Parental involvement in a rural residential special school : a case study.
Ngwenya, Priscilla Thulisile.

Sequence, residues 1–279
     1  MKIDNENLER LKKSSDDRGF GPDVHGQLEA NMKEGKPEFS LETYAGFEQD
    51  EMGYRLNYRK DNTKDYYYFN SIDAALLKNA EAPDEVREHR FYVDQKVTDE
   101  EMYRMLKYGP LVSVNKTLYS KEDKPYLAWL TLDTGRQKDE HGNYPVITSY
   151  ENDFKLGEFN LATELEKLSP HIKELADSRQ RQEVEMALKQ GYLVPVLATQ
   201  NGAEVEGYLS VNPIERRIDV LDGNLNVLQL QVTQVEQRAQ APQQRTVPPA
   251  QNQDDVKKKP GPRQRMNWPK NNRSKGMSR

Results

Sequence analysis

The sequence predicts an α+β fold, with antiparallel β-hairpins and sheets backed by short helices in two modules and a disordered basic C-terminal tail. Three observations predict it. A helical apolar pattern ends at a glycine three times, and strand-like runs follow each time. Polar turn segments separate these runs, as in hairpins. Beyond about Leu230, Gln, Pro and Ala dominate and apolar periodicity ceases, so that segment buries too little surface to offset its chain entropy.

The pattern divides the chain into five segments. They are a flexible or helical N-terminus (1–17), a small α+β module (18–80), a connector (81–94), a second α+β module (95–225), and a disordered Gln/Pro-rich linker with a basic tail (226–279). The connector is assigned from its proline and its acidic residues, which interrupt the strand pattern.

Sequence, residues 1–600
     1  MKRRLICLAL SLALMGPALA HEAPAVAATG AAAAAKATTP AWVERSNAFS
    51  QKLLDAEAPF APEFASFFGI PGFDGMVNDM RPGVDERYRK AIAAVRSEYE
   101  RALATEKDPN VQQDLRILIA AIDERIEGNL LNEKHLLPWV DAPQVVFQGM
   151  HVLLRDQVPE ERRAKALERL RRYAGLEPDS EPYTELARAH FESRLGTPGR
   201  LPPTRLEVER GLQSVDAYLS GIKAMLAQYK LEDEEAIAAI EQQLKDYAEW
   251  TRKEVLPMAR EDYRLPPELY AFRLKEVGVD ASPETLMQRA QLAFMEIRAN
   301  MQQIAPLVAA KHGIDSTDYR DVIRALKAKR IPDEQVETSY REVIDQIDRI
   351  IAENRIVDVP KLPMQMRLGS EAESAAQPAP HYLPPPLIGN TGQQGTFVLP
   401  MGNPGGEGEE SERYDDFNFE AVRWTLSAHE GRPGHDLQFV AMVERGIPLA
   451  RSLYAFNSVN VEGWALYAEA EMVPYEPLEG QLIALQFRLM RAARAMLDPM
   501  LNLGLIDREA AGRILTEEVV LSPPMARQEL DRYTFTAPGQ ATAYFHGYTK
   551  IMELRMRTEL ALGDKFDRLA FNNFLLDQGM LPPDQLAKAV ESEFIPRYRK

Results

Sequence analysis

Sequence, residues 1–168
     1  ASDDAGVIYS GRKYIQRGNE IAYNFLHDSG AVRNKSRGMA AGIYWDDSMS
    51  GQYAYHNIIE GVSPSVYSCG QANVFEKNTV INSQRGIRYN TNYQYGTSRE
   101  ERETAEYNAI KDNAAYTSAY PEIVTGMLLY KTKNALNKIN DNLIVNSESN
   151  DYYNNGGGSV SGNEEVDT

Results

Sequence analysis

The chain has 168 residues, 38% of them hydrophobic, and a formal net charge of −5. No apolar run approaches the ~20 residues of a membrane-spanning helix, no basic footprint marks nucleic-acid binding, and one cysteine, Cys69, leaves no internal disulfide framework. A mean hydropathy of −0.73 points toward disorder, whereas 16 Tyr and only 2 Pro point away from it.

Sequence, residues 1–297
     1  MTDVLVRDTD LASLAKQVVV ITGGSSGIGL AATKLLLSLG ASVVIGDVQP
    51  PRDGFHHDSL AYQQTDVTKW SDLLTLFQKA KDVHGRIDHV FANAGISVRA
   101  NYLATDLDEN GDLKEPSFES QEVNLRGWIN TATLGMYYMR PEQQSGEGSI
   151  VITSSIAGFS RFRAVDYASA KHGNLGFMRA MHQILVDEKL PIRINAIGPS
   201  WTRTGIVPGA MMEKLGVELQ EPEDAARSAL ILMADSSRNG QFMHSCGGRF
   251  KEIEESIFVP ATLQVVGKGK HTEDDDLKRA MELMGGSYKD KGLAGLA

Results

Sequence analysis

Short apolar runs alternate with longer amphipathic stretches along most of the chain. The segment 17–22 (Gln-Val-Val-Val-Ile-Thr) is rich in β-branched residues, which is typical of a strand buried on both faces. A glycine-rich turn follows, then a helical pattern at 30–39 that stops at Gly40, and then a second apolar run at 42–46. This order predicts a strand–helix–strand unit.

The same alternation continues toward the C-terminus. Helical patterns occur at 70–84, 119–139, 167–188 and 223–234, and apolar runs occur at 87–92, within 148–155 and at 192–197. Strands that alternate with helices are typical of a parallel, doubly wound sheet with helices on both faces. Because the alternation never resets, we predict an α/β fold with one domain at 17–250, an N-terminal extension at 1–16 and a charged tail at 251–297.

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This study investigates the work that is currently being done to promote contact between home and school at a residential school situated in a rural area of KwaZulu- Natal. The school serves primary school children with physical disabilities between the ages of five and seventeen years. The subjects in this study were twenty five parents, teachers, learners, and support staff. The research methodology was in the form of a qualitative case study. Individual interviews, focus group interviews, observation as well as document analysis were used to investigate the nature and extent of parental involvement, the areas in which parents participated, and how the school supported parents and the learners. The results revealed that the school acknowledges the value of parents a partners, and has initiated a parent involvement programme. Parents are involved in structures created by the school, namely, a parent teacher association, parent groups in the communities, learner adoption scheme. However, findings revealed that in a number of important areas parents are not equal partners. These are school governance, curriculum decisions regarding their children, choice of school placement, and admission and discharge of their children. An important finding was that in residential schools, because parents are not part of the immediate school community the concept of "parents as partners" is difficult to achieve. Most rural parents live great distances away from the school. Time, distance, work commitments, family commitments, and financial constraints make participation almost impossible. An implication of this study is that if residential schools continue to exist there is a need for the school to take cognisance of the various contextual factors that influence parental involvement in such a setting. Schools should find creative ways to overcome barriers that may exist. Schools need to be aware of recent policy developments regarding the rights of parents, for example, the South African Schools Act. Issues such as parent participation in school governance, their right to choice, and their rights regarding educational decisions on their children, enshrined in policy documents need to be, addressed collaboratively with parents. Another important implication is that policy makers need to review the role of large residential schools in meeting the educational needs of children with disabilities, in particular the long term goal of children gaining full citizenship in their communities.